This work presents methods for combining time-variable gravimetry, altimetry, and GNSS bedrock motion data to distinguish sources of mass change in Antarctica with enhanced spatial resolution. GRACE gravimetry provided direct measurements of mass variation of the Antarctic Ice Sheet at monthly timescales between 2002 and 2017, but was limited to a spatial resolution of 300 km. Laser altimetry from ICESat (2003-2009) provided elevation change measurements at fine spatial resolution, better resolving the spatially concentrated sources of Antarctic mass loss, but with sparse temporal sampling. The processes of glacial isostatic adjustment (GIA), ice dynamics, surface mass balance, and firn compaction affect geodetic measurements with distinct magnitudes, timescales, and spatial scales, which means they may be separated through combination of different data sources. This work explores separation of GIA and ice sheet processes by combining data from ICESat and GRACE. This is accompanied by separation of GIA and ice sheet processes using GNSS vertical crustal motion estimates and GRACE. Monthly solutions for combined ice sheet mass variation are developed using monthly GRACE solutions combined with high-resolution ICESat elevation rates. High-resolution monthly solutions for Antarctic mass variation are developed by combining ICESat elevation rates statistical information from models of the processes of interest with monthly GRACE data. This work also examines of the impact of atmospheric modeling errors on estimates of Antarctic mass loss, finding that errors in models used to remove atmospheric signals from GRACE solutions obscure additional acceleration in total Antarctic mass loss. Finally, time-variable GRACE and ICESat data are combined directly to produce 17 time-variable mass solutions at high spatial resolution between 2003 and 2009 with an updated GIA model. The solutions indicate 2003-2009 average mass loss of 116+10-51 Gt yr-1 and a total GIA mass rate of 110+60-24 Gt yr-1. With GRACE Follow-On and ICESat-2 now concurrently in orbit, the methods developed in this work pave the way toward simultaneous assimilation of their respective gravity and elevation data into a monthly, high-resolution solution for Antarctic mass change.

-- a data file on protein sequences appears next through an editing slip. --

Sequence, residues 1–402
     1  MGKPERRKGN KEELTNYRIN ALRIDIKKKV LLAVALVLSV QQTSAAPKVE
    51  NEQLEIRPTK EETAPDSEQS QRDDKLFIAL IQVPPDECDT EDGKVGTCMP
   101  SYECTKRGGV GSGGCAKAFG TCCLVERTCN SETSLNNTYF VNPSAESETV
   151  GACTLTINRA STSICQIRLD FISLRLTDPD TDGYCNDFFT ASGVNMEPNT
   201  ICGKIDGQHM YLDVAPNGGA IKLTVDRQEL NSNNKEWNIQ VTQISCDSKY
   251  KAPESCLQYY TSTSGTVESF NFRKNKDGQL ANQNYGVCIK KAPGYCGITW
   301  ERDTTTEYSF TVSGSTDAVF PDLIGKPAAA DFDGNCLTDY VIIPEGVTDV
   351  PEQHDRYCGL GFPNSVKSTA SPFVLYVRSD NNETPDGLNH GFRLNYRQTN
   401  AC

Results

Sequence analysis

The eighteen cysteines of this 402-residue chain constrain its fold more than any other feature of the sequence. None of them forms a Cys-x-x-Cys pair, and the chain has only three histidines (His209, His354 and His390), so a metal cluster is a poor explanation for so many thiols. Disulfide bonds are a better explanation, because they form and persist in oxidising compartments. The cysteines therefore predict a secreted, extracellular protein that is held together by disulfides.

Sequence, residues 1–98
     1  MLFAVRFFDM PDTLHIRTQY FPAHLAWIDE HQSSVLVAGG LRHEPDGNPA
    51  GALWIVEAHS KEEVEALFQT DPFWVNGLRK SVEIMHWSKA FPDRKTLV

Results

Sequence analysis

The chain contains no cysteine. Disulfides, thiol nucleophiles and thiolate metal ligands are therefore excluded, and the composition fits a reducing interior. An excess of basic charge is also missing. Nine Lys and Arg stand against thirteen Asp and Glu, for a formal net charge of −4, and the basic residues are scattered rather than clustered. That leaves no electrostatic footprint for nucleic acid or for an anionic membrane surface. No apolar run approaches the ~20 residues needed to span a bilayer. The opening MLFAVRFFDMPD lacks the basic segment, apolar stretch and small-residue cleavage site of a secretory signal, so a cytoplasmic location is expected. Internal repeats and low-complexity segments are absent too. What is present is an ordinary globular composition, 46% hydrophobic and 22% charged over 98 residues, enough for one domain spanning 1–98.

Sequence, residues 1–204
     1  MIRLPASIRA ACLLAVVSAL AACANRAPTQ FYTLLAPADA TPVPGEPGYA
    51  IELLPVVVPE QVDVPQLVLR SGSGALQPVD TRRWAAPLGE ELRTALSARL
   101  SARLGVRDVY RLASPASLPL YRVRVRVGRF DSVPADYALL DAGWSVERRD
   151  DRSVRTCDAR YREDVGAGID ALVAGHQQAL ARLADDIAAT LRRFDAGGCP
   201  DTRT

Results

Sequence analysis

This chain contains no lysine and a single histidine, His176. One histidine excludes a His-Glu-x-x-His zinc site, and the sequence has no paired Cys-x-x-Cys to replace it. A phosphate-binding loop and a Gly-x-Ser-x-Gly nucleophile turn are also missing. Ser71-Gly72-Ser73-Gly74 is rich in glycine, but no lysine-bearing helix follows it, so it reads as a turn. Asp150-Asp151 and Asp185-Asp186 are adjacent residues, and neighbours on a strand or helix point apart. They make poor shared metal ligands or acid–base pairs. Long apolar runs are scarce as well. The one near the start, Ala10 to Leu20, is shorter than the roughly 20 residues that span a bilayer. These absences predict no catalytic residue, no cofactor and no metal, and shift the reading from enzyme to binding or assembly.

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- Geographic information science and geodesy;Aerospace engineering;Remote sensing